THE FERMATA. By Nicholson Baker. Random House. 303 pages. $21.
ARNO STRINE works as a temporary worker in Boston, and he has an unusual ability that makes his life dissimilar to those around him: with the snap of his fingers, Arno can make time stop.
Yet rather than becoming a super spy or an unstoppable thief or a learned scholar, Arno has a much more personal use for his extraordinary powers. He likes to surreptitiously enrich the sexual lives of women, and in the process, expand his own.
This is the premise that drives "The Fermata," the fifth book by one of America's most dazzling creative imaginations, Nicholson Baker. Primarily known for the controversial bestseller, "Vox," a steamy novel consisting entirely of a conversation on an adult party line, Mr. Baker has also written "The Mezzanine," which details the thoughts of a man riding up an escalator; "Room Temperature," about a father feeding his daughter a bottle; and "U & I," a tribute to and reminiscence about John Updike from a man who's read less than half of his works.
"The Fermata" pretends to be the autobiography of Arno Strine, written mostly during periods of suspended time (or, as the narrator calls it, "in the Fold"). In his narrative, Mr. Strine details the miscellaneous sexual hijinks he conducts with the help of his supernatural powers. He takes women's clothes off and fantasizes about their nude bodies. He plants sexual toys on women in public places. He writes dirty magazine stories and places them where women will find them and read them.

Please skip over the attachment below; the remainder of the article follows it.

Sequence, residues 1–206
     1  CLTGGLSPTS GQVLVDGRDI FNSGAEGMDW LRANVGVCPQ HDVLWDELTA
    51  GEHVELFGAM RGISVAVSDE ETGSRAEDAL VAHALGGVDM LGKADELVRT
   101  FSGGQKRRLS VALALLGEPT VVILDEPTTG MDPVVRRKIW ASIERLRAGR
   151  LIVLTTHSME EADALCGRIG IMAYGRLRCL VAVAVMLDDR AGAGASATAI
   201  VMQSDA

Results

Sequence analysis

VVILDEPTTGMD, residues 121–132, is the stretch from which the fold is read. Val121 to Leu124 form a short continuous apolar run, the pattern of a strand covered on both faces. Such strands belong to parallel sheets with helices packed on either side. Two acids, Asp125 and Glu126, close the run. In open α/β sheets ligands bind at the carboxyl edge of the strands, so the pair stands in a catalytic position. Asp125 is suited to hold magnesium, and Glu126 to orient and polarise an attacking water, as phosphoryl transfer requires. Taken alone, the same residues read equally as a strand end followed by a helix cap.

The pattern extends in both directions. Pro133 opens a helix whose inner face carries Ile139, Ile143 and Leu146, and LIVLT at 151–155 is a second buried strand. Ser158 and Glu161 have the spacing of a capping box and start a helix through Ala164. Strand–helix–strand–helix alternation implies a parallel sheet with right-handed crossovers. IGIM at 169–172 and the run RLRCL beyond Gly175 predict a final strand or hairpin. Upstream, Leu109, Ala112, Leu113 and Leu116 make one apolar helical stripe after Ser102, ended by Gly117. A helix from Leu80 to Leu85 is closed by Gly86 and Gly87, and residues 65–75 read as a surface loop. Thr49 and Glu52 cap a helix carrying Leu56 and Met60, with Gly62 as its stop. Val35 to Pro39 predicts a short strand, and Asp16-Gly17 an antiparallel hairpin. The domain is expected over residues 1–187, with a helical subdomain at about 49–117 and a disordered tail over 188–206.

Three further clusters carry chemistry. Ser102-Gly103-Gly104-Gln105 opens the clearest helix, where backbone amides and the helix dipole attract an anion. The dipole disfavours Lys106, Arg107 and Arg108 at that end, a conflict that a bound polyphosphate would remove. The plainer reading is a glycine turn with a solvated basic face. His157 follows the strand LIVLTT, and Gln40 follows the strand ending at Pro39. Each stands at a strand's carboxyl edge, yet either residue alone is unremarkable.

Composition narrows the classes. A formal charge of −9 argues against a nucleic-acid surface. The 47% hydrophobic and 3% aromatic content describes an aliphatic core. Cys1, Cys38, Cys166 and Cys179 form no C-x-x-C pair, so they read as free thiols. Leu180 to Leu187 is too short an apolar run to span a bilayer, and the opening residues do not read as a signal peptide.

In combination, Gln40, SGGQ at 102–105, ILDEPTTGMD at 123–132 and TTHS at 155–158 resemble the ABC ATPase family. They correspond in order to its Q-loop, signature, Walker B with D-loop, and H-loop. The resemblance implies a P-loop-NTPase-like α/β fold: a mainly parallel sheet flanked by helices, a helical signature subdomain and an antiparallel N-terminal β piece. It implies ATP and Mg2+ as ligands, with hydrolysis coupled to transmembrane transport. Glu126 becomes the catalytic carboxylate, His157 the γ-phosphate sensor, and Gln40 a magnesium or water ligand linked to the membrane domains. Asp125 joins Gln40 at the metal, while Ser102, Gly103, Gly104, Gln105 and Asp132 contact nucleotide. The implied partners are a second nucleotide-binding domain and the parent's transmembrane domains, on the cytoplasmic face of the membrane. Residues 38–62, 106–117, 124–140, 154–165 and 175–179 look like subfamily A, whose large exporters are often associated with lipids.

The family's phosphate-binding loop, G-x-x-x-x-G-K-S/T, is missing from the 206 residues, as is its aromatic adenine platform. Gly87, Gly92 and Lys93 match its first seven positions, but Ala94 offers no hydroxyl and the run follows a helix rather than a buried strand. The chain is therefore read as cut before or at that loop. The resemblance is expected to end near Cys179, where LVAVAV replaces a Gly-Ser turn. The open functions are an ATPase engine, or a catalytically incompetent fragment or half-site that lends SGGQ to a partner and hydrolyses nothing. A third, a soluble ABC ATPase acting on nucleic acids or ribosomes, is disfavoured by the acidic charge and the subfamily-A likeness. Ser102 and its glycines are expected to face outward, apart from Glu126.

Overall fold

Those who have read "Vox" might expect "The Fermata" to be filled with sexual details of the most intimate and embarrassing nature, and they won't be disappointed. Mr. Baker makes little effort to daintify the dirty deeds of his narrator; the sexuality he portrays has more to do with airport bookstore porn novels than with Harlequin romances. Indeed, so intent is the author on getting to the bottom of our petty hang-ups about sex, he delves into subjects that only occupy the darkest corners of our imaginations: masturbation, voyeurism and bathroom activities.
So what keeps "The Fermata"above the level of pure smut and degradation? Why should women not be up in arms about Mr. Strine's casually taking advantage of them?
According to Mr. Strine, the difference is attitude. Mr. Baker's protagonist spends many pages ruminating on the morality of his actions, and he justifies them by claiming that they're all done in the spirit of mutual pleasure and good will. While this is strictly true -- Mr. Strine never takes advantage of anyone or performs destructive or malicious acts -- it's not an entirely convincing argument.
But "The Fermata" doesn't stumble for its lack of a moral foothold. Mr. Strine's world is one of simple ethics where the plumbing and wiring of sexuality is to be cherished and enjoyed, rather than used as a battleground to divide people. Mr. Baker puts the same hyperkinetic imagination -- which has previously led to celebrations of the plastic straw and shoelaces -- and applied it to the minutiae of sexuality. Who else but Mr. Baker could so lovingly and meticulously describe the way a woman's breasts would look in an invisible brassiere?
Strangely enough, with its 12-year-old boy's fantasy premise, Mr. Baker's novel brings an innocence and playfulness back to sexuality that's rarely shown in public discourse. Like all of Mr. Baker's efforts, "The Fermata" is a novel of wonderment and joy, a world that's become needlessly clouded with male malignity ++ and female distrust.
Dave Edelman writes from Baltimore.